Step2-4. Braid each section, and tie the end with an elastic band. You'll want to do what's called a "Dutch braid." For a normal braid, you take the outside section and cross it IN FRONT of the middle section. A Dutch braid is the opposite: the outside section goes BEHIND the middle section. It's important to do the braids this way so that they'll look seamless when when you connect the two sections later.
Step5-6. Fatten out the two braids by pulling apart the outer edges. I like to "smush" the braid back and forth in my fingers, too—whatever makes them fuller and fatter and not so sleek.
Step7. Line up the two separate braids so they begin to look like one big fat braid. It's important to make sure the middle section of the mermaid tail lines up--don't worry if the ends of your braids (the hair that is sticking out underneath the elastic) are uneven, it won't matter. It's more important to line up the braid correctly, so the center of the tail matches.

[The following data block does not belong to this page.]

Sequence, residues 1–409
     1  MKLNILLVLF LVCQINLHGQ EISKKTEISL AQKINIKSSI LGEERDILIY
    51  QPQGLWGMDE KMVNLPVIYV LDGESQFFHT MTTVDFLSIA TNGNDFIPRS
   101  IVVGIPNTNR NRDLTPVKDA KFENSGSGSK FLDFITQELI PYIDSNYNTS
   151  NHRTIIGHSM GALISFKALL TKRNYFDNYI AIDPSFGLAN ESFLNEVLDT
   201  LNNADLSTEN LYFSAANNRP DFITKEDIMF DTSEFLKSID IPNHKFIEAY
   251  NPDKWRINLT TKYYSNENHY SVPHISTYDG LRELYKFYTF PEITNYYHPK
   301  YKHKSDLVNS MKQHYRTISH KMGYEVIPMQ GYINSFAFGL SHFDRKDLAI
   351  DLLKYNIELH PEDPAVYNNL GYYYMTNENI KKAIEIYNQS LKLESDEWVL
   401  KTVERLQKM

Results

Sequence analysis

Step8. Pin the center of the two braided sections together. I tend to use mini bobby pins since they are easier to hide, and I like to pin them in and up (you start with the pin facing horizontally, then as you push it into the hair, you direct it vertically). Use as many bobby pins as it takes, until you feel the braid is secure. I used about five little pins, and pinned about 1 1/2 inches apart, wherever I could best hide them.
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